Where does that leave the American people in 2017? Whether or not pre-delegation exists, our current president has in effect handed over the conduct of seven or more wars to the less than benign instincts of the Pentagon. Last week, the military requested more troops in Afghanistan. Their rationale: to kill the evildoers and win the war. 57 years ago, Senate Majority Leader Mike Mansfield, and President Johnson were hashing over the same request by a different General, Westmoreland (Commander of American forces in Vietnam) for a different war with the same rationale. Senator Mansfield replied to LBJ’s dilemma about Westmoreland’s escalating troop requests. “…it’s 75,000 [now], then it’s 150,000, then it’s 300,000. Where do you stop? You bomb them you get nothing. You get these people tied more closely together.” To which an increasingly haunted president added what was to become the epilogue for a decade of war: “Not a damned human thinks that 50,000 or 100,000 or 150,000 is going to end this war.” Brave words aside, bowing to military pressure and political calculation, less than two months later, in a televised speech, here’s what the President announced: I have asked General Westmoreland what more he needs to meet this mounting aggression. He has told me and we will meet his needs…Additional forces …will be sent as needed…”
Where does it end? By the end of 1965, 184,000 American troops were fighting and many were dying in Vietnam even as 90% of South Vietnam troops were deserting. By 1975, when the North Vietnamese marched into Saigon and two years after the Americans had ignominiously put the “Closed” sign on their military adventure, 2.5 million troops had served in Vietnam. 58,000 never came home.
Lessons learned? Not for this president. He will no doubt give the army the forces it says it needs in Afghanistan and the authority to set troop limits. He is equally amenable to let military commanders have the final say on troop limits. Taking Trump for the dupe he is, the military is about to score a coup —sole command of the longest war in American history (in its 17th year) that has already cost the lives of 2,500 American and hundreds more fatalities among returning veterans from injury or suicide.
The question that remains unanswered and hangs over us like the sword of Damocles: Does the military’s new-found freedom to fight U.S. wars on their own terms include nuclear weapons? We don’t know and aren’t likely to find out. However, the president’s fawning regard for all things military, his pathetic eagerness to pass muster with the generals doesn’t bode well for the safety and security of the US nuclear force.
The sad fact is that President Trump comes by his warlike pedigree on the back of his predecessor. Before leaving office, Obama gave in to Pentagon demands to modernize and upgrade the U.S. nuclear systems at a cost the CBO (Congressional Budget Office) projects to run as high as $1 trillion over the next 30 years —a topic never mentioned when candidate Obama was promising world peace. Perhaps that’s because as a not-yet president, he didn’t feel the full weight of the generals’ dire warnings and the pressure of one of his major funders, the armaments industry, to keep their enormously profitable weapons systems rolling off the assembly lines. Obama in turn was following the lead of his immediate predecessors. George W. Bush started the two disastrous wars that revived the military’s bedraggled splendor and enriched the armaments industry. Bill Clinton’s contribution to the glorification of war flowered in the Balkans and in Haiti. The list of incredibly stupid and self-serving presidential decisions over the last seventy years to satisfy a military that never has enough war and conflict would produce a book longer than War and Peace.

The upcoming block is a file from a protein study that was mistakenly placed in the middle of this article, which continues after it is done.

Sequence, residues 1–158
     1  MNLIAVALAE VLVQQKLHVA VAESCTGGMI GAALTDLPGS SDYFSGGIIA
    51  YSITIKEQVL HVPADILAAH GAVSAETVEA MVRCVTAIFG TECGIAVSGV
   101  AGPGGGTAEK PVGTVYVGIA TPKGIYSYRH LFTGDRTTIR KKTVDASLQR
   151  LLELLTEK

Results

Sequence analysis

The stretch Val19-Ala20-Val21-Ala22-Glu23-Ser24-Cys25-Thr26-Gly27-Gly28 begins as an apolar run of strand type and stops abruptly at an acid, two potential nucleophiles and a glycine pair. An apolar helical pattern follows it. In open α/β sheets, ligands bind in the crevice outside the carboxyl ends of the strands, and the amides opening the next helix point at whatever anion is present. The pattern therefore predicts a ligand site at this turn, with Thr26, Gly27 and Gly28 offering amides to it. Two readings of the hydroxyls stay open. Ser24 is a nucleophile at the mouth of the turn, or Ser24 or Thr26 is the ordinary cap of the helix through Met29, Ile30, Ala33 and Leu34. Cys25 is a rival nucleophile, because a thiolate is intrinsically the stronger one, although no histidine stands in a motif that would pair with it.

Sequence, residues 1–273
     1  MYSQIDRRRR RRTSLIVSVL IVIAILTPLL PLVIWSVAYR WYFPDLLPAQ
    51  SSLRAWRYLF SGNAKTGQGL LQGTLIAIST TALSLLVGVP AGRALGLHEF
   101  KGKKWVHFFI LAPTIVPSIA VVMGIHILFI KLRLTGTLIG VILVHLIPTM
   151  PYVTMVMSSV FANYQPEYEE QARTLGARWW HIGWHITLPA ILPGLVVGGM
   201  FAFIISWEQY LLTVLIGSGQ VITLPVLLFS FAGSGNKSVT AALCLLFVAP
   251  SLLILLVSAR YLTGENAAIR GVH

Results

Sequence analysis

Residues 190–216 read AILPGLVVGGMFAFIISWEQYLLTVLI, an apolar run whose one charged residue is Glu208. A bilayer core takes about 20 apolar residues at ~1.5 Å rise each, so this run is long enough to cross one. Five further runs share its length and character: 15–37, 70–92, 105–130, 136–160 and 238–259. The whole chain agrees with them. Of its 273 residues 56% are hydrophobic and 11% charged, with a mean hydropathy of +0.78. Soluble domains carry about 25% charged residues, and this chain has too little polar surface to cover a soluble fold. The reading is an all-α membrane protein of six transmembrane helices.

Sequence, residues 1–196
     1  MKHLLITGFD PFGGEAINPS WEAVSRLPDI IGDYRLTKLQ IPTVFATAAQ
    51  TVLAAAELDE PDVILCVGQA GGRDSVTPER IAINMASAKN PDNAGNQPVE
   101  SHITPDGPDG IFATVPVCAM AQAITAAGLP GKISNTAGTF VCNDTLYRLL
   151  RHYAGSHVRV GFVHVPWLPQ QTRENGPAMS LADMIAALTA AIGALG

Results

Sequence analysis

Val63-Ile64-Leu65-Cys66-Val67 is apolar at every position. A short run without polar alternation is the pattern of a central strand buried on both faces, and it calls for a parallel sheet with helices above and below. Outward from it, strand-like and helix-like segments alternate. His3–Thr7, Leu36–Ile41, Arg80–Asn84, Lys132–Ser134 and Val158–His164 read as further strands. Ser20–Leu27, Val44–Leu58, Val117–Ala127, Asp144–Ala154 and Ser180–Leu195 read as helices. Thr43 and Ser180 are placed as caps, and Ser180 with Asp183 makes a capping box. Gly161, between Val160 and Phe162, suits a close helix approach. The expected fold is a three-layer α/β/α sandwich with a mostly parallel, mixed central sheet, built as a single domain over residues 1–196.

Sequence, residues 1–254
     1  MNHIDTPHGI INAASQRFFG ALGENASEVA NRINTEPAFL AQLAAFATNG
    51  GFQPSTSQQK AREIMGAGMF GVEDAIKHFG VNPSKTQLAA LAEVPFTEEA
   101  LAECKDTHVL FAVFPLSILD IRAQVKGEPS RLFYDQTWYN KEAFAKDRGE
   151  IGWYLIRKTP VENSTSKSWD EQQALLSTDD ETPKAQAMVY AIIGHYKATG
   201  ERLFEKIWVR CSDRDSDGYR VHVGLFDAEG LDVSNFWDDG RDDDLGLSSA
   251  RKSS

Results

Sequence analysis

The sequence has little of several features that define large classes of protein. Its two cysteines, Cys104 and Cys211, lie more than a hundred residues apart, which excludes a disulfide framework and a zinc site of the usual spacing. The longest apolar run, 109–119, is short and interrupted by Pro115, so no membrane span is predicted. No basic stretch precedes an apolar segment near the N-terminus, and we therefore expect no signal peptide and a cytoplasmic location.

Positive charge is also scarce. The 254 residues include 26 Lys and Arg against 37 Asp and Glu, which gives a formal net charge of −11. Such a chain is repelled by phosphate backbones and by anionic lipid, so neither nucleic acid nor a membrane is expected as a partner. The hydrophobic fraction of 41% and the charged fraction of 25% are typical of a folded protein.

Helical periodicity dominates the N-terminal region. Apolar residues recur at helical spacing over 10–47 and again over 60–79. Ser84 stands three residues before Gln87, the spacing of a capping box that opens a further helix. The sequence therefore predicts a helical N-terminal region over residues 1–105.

Is perpetual war the present and future? Will the US military decide the fate of the world? The headlines appearing in last week’s media reports should send shivers down our backs. “With Trump Approval, Pentagon Expands Authority Over Battle Decisions” (Associated Press); “Pentagon Quietly Seizing Control Over Warfighting Decisions – With Little Public Debate” (Denver Post); “Trump: I’m Giving the Military ‘total authorization’” (Military Times)
It is a rare leader that has not succumbed to the military’s demand for control over nuclear weapons. We have come within a hair of a nuclear holocaust at least three times—in Korea, Vietnam and Cuba. We have experienced a succession of near catastrophic mistakes that might have resulted in an accidental or unauthorized nuclear detonation.
“…Now then, Dmitri [US “president” telephoning “Dmitri,” Russian president] “you know we’ve always talked about the possibility of something going wrong with the bomb…Well now what happened …one of our commanders…went a little funny in the head and he went and did a silly thing…He ordered his planes…to attack your country. (From the 1964 film Dr. Strangelove or How I Learned to Stop Worrying and Love the Bomb)
The sad and ugly truth is that most of today’s military leaders, despite a succession of astonishing failures throughout the last half-century, cling to the fantasy that “…war is too important to be left to the politicians. They have neither the time, the training, nor the inclination for strategic thought.” (General Jack D, Ripper in Dr. Strangelove)
Grab a DVD of Dr. Strangelove from your local library and Be Afraid, Be very Afraid.